A new plant food is born

A new plant food is born  
Baileys have just released a breakthrough soil and plant food that smashes the mould of the way we used to fertilise our garden.  It represents the new paradigm of working with nature, to stimulate the highly productive soil life. This means the soil does the heavy lifting assisting plants to grow successfully, with less pest and disease pressure and more minerals and vitamins than is currently the case.

So how does this work?
Soil carbon is the real treasure chest for growing plants.  The old paradigm was about blasting the soil with synthetic high nitrogen fertilisers such as urea and sulphate of ammonia.  The initial response was remarkable but over time the damage to soil life became more obvious with poor returns and more pressure from disease and pests.   

Baileys Soil Matters Garden Bag Beside Veggie Patch
What is soil carbon?
There are four forms of carbon in the soil and these are: 
- lively carbon in the form of sugars produced by plants and exuded through roots to feed soil life.
- The second form is new compost that comes from the breakdown of plant tissue but perhaps more important is the breakdown of the       bacteria that live in the soil.
- The third form we know as humus and can be seen as old compost.  This forms from the first two forms after prolonged composting.        This is a very stable form that can last for hundreds of years. 
- The last form is like charcoal in an inert form which does little on its own to aid soil fertility but seems to act as a home base for              beneficial soil bacteria and fungi to operate from. 

What does it do for growing plants?
These forms of carbon are both food and refuge for soil living organisms.  Carbon has a major role in holding water.  A one per cent increase in soil carbon can enable the soil to hold onto 17 litres of water per square metre.  Plant nutrients are also held close to the plant roots where these can be easily accessed. Carbon works like a catalytic converter allowing more effective use of nutrients by plants. From an environmental perspective, it sequesters carbon in a beneficial form as distinct from releasing Carbon dioxide into the atmosphere.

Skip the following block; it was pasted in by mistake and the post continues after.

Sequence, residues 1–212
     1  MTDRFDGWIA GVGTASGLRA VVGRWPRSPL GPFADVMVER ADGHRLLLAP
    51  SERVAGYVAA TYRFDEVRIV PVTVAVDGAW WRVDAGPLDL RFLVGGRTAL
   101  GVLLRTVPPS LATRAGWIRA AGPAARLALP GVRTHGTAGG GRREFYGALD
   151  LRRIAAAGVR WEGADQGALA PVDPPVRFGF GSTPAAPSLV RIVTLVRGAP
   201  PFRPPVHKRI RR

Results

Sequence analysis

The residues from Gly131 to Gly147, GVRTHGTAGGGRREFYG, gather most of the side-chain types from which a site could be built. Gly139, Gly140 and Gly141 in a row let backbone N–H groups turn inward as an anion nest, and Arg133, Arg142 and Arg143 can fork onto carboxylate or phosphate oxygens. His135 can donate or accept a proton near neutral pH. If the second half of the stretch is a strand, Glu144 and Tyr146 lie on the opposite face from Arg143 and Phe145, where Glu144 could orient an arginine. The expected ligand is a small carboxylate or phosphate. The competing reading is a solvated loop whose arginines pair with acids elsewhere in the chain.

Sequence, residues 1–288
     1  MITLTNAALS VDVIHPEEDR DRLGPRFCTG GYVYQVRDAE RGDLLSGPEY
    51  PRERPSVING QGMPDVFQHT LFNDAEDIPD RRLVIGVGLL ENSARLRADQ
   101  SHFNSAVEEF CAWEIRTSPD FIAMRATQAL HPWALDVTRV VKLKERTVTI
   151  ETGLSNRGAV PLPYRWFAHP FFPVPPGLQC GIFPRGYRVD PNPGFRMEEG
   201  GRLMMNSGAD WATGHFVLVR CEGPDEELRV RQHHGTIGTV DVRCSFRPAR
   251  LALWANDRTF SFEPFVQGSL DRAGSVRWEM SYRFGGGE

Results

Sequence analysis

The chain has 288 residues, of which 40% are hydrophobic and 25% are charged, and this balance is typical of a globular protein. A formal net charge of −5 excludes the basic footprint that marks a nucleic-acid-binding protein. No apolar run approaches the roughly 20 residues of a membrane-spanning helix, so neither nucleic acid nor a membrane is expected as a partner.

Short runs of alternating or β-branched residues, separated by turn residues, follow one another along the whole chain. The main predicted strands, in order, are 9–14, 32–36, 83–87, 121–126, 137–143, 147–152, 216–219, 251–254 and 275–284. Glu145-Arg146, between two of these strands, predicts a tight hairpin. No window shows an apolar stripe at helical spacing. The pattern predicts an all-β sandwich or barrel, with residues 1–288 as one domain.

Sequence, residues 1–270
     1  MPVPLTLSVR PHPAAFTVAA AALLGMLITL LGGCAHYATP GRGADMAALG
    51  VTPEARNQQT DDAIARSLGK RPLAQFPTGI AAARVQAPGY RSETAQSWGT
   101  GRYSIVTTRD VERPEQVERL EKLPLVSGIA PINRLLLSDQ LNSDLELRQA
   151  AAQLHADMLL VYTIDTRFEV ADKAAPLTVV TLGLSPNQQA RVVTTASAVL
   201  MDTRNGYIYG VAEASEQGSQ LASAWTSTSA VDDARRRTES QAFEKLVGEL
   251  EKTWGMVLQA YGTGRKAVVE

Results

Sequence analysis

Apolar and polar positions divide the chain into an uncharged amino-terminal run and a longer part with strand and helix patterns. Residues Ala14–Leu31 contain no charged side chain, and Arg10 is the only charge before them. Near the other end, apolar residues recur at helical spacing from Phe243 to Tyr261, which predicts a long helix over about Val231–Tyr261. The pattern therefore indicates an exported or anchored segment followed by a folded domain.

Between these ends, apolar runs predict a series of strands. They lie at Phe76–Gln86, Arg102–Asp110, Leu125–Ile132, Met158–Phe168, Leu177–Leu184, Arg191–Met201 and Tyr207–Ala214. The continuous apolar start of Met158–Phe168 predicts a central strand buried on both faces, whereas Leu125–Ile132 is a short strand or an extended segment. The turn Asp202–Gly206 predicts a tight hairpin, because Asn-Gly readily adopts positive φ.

How does Baileys new Soil Matters Garden fit within the soil carbon space?
Firstly, the main form of nitrogen comes from blood and bone, yes abattoir waste, but rich in natural forms of nitrogen. This is a gentle form of fertilising, however, even here there is a need to balance this with carbon in the form of humus. 

  1. Humates are an ancient form of compost which attach themselves chemically so they do not get washed away and so the plant can access this food as it is required.  

  2. Zeolites are volcanic rocks that have a similar effect of holding and then releasing plant nutrients.  These work well with humates to ensure minimum losses through leaching and gradual feeding on demand which is the best way to give plants their nutrients instead of an indigestible blast.  It is a sobering fact that around 60% of high analysis fertilisers are not taken up by the target plant and are mainly leached away mostly into our aquifers and waterways. We are all aware of the consequences of this. 

  3. Minerals are needed by plants and this new fertiliser supplies a range of over thirteen, including some of the vital trace elements.  While the trace elements are needed for plant growth they are also the basis of human nutrition.  So by applying such minerals to our crops which we subsequently consume when we eat our produce, we are able to access these important dietary minerals.

The new Soil Matters Garden is formulated with a biological coating, which consists of four strains of microbes specifically selected to assist plant growth.  These perform a number of functions.  One is to attach themselves to root hairs and fight off pathogens so that the plant can be healthier and able to perform at a better level.  Others help to breakdown organic matter into biology available food. This converts nitrogen into a plant available form and unlocks soil bound phosphorus so that the plant can access it.

A third function is to improve plant vigour by increasing the bonds between plant roots and the soil web of life. This promotes higher populations of beneficial bacteria in the soil, which in turn stimulates plant growth.

Lastly, roots are biologically encouraged to connect with beneficial soil fungi which deliver moisture and food to the plant as well as outcompeting plant destroying organisms. This one factor has a profound effect on plant health and performance. 

While the Soil Matters Garden complete soil and plant food
looks terrifically complex, that is how Mother Nature works.  All this complex biology and chemistry is now in one bag making it a simple task for us as gardeners.  We just have to throw it about and of course water it in. I see this as working with nature.

Available in Bunnings

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